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  1. #1
    Join Date
    Sep 2016

    Angry Landlord is Charging a Tenant for a Non-Existing Smoke Smell

    My question involves landlord-tenant law in the State of: CA

    Hi, I moved out of a studio last month. I treated the apartment carefully and did a good cleaning before moved out. I asked an initial inspect, but somehow the manager didn't do it. I didn't take it serious at that time. However, after 1 month I moved out, my landlord sent me a bill for replacing the carpet, doing smoke treatment and painting the well, which not only kept all the deposits but asked for more. The reason is "there was a heavy smoke smell". I swear not a single cigarette ever consumed in the studio and I checked the room on the move-out date, no smell at all.

    I disputed and asked the manager for the receipts. The manager said that three "specialists" can prove there was a smell(but it is now removed). She also sent me some invoices with even higher price than the original bill, threatening me that she will renew the bill to reflect the higher charge if I keep disputing. The strange thing is, I can't find any information online about some of the companies on the invoice, so I don't know what to do with these invoices.

    Since it's a smell, I don't have any evident either, exception some closed friends? If the landlord actually let someone they hired to prove the smell(I am sure it is lying), is there a chance I can fight back? And what should I do now?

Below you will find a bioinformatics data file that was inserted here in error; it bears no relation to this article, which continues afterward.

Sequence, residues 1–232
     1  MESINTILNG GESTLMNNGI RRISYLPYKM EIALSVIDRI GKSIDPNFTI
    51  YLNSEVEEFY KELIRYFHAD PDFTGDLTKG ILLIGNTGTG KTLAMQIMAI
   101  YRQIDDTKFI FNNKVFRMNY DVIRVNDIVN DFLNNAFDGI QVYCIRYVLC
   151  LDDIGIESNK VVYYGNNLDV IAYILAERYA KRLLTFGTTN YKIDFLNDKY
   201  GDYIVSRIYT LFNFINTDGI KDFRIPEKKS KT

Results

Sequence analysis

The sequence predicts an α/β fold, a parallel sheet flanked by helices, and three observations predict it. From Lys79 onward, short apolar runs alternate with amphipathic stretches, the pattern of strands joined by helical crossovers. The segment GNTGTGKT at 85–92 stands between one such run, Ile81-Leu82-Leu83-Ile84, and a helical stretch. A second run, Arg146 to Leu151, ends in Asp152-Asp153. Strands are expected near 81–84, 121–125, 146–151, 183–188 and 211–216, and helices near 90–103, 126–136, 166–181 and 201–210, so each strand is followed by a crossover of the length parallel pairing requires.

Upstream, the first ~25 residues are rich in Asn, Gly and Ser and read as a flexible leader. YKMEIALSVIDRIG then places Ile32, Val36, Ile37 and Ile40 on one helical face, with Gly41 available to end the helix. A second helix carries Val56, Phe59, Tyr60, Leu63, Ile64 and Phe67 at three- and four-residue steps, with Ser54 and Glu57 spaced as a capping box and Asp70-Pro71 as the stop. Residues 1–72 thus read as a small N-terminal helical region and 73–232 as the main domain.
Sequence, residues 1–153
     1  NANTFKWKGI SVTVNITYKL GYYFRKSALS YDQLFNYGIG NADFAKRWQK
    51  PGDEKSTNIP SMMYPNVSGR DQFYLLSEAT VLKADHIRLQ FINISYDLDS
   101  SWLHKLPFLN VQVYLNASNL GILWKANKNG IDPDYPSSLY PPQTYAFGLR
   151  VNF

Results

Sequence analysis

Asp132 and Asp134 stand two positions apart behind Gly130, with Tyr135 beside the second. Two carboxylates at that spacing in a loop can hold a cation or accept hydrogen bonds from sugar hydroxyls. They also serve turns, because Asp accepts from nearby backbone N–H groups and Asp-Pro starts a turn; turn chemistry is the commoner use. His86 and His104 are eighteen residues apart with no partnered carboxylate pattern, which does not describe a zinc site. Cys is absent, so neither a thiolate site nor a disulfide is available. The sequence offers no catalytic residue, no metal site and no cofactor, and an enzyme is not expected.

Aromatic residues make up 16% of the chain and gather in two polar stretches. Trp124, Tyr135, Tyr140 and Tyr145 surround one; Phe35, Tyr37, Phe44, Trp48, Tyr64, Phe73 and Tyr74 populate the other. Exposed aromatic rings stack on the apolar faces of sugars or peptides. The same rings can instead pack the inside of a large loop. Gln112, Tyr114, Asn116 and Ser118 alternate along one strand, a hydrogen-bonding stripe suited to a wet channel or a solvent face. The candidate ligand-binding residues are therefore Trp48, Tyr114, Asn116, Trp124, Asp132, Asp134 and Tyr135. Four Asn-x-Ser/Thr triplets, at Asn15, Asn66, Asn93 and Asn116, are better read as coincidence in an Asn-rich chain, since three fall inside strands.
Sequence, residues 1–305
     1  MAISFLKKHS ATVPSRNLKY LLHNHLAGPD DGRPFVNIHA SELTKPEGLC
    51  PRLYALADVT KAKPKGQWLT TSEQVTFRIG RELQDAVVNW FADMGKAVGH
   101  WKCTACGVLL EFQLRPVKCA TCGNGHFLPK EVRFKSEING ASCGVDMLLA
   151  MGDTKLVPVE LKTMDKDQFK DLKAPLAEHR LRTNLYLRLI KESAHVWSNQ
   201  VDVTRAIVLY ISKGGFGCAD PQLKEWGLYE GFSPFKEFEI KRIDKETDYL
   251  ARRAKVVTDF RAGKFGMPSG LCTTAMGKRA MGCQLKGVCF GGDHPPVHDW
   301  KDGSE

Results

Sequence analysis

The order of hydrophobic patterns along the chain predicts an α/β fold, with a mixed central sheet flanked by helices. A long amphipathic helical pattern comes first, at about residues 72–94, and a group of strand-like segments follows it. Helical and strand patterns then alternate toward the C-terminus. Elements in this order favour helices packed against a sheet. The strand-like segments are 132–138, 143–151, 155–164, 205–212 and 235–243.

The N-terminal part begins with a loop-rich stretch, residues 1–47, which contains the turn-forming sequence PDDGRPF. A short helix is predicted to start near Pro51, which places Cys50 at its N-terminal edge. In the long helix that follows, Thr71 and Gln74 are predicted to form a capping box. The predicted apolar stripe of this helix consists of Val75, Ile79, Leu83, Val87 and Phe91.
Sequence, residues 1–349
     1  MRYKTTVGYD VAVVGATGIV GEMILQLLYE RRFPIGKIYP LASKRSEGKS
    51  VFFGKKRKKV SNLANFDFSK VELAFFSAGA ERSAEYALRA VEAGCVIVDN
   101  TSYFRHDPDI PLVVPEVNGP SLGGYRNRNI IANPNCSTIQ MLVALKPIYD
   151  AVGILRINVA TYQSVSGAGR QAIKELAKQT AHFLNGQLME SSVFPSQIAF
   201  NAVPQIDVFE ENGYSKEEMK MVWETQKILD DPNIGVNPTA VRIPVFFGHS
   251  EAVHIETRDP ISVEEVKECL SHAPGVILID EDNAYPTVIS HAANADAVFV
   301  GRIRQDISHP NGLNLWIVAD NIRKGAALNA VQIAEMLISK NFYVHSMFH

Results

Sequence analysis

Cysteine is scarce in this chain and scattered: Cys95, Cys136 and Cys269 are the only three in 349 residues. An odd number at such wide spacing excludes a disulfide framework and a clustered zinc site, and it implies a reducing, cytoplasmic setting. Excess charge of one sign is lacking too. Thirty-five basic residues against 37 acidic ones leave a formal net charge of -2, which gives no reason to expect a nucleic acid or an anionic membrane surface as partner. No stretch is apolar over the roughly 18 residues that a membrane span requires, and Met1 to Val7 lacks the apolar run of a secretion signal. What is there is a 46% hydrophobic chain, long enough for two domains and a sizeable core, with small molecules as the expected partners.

Thank you so much!

  2. #2
    Join Date
    Sep 2005
    Behind a Desk

    Default Re: Landlord Charged Me for Non-Existing Smoke Smell, is There a Chance to Fight Back

    If you properly requested an initial inspection, in writing, the landlord should have provided one.

    If you are charged for repairs that did not occur, for updates that have nothing to do with your tenancy, or for the "repair" of ordinary wear and tear, you can sue your landlord in small claims court. You will present whatever evidence and testimony that you have, and hope that the court finds it more convincing than whatever evidence the court provides. If you properly requested an initial inspection and were not given that inspection, that fact may help persuade the court that your position is correct and possibly help buttress an argument that the landlord isn't acting in good faith.

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